Black History Month is important at Port Houston because it honors the legacy and influence of Black people in our country, our region, and our own workforce. We recognize that Black history is American history, and it includes innumerable contributions of Black inventors, authors, artists, politicians, doctors, activists, workers, mothers, fathers and more.
What is Black History Month?
Black History Month is annual time to honor the achievements and history of Black people while acknowledging the progress toward equality. As a result, this is the perfect time to demonstrate Port Houston’s commitment to diversity, equity, and inclusion while allowing teams to connect and learn from one another.
Black History Month has been officially recognized by the governments of the United States and Canada for the month of February each year. Additionally, Black History Month has been observed and recognized in October for people in Netherlands, Ireland, and the United Kingdom.¹
How Did Black History Month Get Started?
Before there was ever a Black History Month, there was “Negro History Week” which started in 1926, and held during the second week of February. This week was declared by historian Carter G. Woodson and the Association for the Study of Negro Life and History. Celebrating Negro History Week in February was a nod to both Abraham Lincoln and Frederick Douglass, both born during the same week and great contributors to African American History. Negro History Week became more popular during the following decades sparking the push for Black History Month.²
In 1968, members of the Black United Students at Kent State University participated in sit-ins and protested disorderly conduct charges during Negro History Week. The following year students demanded Kent State University to extend the week into a month-long celebration. This act transformed Black History Month at the university and had ripple effects across the nation.³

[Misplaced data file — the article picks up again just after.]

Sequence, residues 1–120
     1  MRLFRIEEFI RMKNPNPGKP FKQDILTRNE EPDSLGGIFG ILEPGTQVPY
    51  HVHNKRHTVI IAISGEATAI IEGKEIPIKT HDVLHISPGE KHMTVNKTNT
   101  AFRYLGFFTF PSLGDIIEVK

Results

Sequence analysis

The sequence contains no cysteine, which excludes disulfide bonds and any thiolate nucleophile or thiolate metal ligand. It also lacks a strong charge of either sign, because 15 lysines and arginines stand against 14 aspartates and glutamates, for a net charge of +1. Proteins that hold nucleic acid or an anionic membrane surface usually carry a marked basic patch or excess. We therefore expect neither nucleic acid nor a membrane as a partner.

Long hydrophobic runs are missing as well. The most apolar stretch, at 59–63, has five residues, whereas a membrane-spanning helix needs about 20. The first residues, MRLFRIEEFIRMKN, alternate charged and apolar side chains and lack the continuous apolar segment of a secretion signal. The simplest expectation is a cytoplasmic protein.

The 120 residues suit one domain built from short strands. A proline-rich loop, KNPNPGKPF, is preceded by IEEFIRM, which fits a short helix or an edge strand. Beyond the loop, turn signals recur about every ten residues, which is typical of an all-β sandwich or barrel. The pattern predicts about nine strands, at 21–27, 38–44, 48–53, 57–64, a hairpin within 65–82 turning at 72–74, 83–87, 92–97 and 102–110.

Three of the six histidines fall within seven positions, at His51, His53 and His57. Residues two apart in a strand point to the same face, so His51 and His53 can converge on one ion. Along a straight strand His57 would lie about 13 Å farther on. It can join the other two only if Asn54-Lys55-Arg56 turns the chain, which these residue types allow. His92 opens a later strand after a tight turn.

In 1976, President Gerald Ford officially recognized Black History Month, calling upon the public to “seize the opportunity to honor the too-often neglected accomplishments of Black Americans in every area of endeavor throughout our history.”³
Celebrating Black Leaders at Port Houston
Curtis Duncan serves as Controller at Port Houston, and he does an excellent job of leading our teams in Payroll, Accounts Payable, Credit, Customer Billing Services and Financial Accounting.
Curtis was born in Detroit, Michigan and graduated from Northwestern University. Before entering the thrilling world of Finance, Curtis was drafted by the Houston Oilers as a wide receiver in 1987. We are thankful that Curtis’s journey brought him to Port Houston in 2013.
“Diversity in the workforce, and especially diversity in leadership, is important because excellent companies should reflect and appreciate people from the wide variety of ethnicities, races, religions, and experiences that make our country great. As a Black man in leadership, I always strive for excellence because I am mindful of the path that I am paving for others who will follow or join me in similar positions of leadership,” states Curtis Duncan, Port Houston Controller.
Jennifer Aksoy is our Customer Service Manager for Bayport and Barbours Cut Container Terminals. She supervises a team of Logistics and Customer Service Coordinators making sure trucks are efficiently moving through our gates. She is in a key position to lead and support a team working in a high-pressure, fast-paced environment.